No one has asked us any questions recently, so apparently you all know everything you need to know about your pets.
Which is great.
But we had nothing to do and were aimlessly wandering through the internet waiting for the snow to melt when we found a cool website that we think you might like, too.
And, like us, you will learn from it.
Check out www.humanegardener.com.
Did you know that wooly caterpillars seek out dead trees to burrow into to survive the winter and they are able to emit a form of antifreeze to protect themselves during severe cold?
A good reason to leave that old stump in your yard.
Put a garden gnome on top of it as a distraction if it bothers you.
Did you know that each year, an estimated 365 million vertebrate animals are killed by motor vehicles in the U.S.?
A good reason, especially as spring finally arrives and animals begin to move around, to slow down and keep a vigilant watch for wild eyes shining from the roadside, especially at dawn and dusk.
Also, a good reason to program the number of a local wildlife rehabilitator into your phone so you can ask for advice about how to handle apparently injured animals and not be injured yourself.
You can find those numbers at www.dec.ny.gov/animals/83977.html.
More from the internet.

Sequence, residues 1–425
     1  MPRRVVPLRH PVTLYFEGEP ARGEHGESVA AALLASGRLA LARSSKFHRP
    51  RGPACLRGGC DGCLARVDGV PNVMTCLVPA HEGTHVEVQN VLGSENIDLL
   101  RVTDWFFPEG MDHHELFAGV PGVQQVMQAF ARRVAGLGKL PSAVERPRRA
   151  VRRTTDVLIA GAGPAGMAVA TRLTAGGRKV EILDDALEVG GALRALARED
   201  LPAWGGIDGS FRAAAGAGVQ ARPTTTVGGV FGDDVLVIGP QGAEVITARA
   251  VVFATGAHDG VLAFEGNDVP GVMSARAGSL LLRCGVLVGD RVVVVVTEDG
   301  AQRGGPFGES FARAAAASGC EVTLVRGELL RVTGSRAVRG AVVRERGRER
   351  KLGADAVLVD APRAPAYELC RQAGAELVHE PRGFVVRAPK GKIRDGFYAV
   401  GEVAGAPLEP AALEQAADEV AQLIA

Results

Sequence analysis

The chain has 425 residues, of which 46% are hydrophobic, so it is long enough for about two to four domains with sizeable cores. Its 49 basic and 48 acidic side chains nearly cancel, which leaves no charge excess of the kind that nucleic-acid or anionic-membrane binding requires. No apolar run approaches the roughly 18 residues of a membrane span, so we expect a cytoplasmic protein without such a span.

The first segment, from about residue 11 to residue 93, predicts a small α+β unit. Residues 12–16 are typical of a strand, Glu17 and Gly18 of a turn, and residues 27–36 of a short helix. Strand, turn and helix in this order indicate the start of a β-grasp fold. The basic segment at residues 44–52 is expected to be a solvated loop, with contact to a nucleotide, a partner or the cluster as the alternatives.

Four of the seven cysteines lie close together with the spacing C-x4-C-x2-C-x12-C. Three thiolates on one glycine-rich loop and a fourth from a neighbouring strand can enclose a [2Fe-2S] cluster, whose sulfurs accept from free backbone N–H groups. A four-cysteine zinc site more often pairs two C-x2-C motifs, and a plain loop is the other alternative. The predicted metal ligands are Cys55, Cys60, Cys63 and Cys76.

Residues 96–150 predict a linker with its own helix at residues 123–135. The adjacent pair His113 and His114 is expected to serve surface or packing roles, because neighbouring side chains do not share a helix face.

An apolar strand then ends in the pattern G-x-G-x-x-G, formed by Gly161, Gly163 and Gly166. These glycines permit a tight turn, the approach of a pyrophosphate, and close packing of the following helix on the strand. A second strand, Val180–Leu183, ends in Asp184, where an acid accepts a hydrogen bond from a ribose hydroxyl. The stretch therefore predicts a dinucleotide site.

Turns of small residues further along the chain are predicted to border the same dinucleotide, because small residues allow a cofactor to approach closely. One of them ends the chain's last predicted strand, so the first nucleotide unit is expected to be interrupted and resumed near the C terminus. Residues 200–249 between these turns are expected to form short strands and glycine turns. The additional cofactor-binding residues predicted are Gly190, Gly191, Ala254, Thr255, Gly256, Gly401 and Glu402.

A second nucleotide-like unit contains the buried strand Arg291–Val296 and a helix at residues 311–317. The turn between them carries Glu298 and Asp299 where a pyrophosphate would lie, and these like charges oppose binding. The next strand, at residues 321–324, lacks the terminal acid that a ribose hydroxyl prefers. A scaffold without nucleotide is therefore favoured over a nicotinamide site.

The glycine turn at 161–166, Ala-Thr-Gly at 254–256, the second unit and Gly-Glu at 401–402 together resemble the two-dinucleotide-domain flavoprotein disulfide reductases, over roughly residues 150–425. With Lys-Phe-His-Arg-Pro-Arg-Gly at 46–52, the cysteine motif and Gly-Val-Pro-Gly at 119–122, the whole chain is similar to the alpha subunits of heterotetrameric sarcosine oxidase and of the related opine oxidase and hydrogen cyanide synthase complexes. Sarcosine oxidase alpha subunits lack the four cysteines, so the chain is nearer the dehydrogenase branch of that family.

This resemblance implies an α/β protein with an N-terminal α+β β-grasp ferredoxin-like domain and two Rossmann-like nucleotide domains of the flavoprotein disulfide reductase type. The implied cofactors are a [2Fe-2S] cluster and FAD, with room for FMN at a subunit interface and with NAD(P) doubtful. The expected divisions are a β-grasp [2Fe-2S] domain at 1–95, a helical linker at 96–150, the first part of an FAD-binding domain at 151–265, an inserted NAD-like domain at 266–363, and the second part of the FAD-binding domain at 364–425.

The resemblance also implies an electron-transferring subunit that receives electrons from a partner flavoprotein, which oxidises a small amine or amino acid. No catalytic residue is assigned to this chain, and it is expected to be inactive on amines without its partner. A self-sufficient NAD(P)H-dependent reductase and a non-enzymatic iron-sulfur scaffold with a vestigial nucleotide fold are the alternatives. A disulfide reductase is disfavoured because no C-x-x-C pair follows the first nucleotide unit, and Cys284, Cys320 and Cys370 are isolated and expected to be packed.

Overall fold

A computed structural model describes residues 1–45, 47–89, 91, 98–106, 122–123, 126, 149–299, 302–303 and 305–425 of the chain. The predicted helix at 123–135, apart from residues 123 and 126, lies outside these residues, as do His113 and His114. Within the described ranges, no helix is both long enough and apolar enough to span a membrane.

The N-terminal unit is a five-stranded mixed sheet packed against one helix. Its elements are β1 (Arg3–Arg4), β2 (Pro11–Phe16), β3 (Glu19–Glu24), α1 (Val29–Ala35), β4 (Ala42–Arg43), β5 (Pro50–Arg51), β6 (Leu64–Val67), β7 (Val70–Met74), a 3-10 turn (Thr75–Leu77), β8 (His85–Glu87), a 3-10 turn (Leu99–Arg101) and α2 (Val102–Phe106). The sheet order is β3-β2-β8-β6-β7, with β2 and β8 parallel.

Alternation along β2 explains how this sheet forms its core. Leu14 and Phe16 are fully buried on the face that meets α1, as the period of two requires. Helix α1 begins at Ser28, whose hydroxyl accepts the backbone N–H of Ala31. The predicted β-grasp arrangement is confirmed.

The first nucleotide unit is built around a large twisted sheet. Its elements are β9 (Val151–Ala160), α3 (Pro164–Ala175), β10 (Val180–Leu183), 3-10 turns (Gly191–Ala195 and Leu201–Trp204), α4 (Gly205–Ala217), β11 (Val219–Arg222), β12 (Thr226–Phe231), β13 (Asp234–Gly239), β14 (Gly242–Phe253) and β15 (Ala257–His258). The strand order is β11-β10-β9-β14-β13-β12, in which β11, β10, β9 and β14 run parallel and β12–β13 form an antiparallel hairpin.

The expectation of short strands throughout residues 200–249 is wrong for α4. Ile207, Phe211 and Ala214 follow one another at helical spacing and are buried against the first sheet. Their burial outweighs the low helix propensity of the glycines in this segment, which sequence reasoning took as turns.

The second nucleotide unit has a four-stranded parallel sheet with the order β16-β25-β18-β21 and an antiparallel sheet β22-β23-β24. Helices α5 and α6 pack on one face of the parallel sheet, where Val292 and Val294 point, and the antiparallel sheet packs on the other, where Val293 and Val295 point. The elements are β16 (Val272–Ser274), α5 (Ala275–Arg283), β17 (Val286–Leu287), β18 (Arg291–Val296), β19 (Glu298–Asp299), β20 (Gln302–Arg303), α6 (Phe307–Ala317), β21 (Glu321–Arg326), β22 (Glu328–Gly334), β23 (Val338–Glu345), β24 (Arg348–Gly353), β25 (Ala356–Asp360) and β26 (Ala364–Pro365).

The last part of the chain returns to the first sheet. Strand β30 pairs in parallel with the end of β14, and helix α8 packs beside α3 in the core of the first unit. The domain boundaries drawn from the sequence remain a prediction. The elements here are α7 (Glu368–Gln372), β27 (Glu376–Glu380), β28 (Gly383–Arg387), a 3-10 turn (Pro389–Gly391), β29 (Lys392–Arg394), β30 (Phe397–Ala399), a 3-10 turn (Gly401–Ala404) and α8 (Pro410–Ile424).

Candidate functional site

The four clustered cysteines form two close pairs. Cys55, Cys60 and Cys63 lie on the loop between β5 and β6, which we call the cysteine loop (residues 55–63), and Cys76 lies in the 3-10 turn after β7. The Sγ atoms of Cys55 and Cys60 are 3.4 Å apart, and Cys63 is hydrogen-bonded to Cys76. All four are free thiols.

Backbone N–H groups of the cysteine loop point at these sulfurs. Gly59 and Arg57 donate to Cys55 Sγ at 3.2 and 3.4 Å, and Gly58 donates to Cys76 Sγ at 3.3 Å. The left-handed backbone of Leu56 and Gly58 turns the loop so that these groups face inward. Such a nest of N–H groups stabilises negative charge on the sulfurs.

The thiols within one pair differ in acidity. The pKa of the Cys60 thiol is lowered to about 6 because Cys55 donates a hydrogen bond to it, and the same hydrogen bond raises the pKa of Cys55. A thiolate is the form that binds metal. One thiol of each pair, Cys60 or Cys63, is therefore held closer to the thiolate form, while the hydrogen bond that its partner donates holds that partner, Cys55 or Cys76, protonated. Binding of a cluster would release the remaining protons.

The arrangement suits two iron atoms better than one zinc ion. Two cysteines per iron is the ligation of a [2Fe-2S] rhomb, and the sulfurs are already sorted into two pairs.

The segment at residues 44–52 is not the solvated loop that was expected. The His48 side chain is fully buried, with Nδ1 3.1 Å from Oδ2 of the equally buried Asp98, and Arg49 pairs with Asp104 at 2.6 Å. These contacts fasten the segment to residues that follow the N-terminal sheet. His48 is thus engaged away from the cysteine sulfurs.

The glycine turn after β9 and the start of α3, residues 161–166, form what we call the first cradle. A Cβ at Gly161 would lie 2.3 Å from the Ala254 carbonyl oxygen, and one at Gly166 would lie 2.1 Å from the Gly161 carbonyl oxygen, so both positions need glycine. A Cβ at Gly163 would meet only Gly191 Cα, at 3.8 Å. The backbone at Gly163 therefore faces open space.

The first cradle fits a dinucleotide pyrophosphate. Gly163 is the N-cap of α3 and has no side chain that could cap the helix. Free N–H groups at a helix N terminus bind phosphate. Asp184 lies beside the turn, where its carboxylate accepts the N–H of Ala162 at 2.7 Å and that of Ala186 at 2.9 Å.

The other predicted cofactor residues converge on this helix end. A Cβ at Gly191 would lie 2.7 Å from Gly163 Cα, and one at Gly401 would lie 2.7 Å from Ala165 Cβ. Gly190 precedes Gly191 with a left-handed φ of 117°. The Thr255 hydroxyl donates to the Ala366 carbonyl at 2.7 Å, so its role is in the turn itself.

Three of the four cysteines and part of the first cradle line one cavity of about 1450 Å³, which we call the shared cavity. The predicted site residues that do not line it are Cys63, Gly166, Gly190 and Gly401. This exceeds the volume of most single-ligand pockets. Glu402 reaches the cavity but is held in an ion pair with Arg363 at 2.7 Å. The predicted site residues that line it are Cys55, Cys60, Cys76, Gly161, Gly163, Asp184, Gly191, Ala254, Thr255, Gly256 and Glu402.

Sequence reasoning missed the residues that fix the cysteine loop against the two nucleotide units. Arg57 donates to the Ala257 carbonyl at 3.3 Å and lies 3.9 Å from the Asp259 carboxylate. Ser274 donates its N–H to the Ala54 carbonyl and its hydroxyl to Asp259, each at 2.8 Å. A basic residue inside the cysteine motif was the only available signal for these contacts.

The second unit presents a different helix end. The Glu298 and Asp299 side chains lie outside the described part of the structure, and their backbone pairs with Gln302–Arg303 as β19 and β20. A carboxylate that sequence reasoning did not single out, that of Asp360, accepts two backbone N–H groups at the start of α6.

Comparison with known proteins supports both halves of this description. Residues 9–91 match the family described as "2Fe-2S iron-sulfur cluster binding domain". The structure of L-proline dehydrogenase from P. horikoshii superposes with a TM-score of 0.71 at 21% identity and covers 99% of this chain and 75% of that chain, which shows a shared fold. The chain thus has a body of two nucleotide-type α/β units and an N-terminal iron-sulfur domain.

Did you know that opossums groom themselves constantly, like cats?
They also attract ticks, like most small wild rodents.
So, If they find a tick, they lick it off and swallow it.
Homely little animals with a gross eating habit, to be sure, but scientists from the Cary Institute of Ecosystem Studies estimate that each possum kills up to 5,000 ticks in a season.
So if you see an opossum seeming to play dead in the road, leave it alone.
We hope this gives you some inspiration about making your own home a place where all creatures (except ticks and fleas) can thrive and teach you and your family about the wonders of the natural world, yes even in winter, even under a foot of snow.
About Oswego County Humane Society
We provide services to promote and strengthen the human-animal bond through fostering-to-adoption programs, spay/neuter clinics, and humane education.
The Oswego County Humane Society is designated under IRS code 501(c)3 as a charitable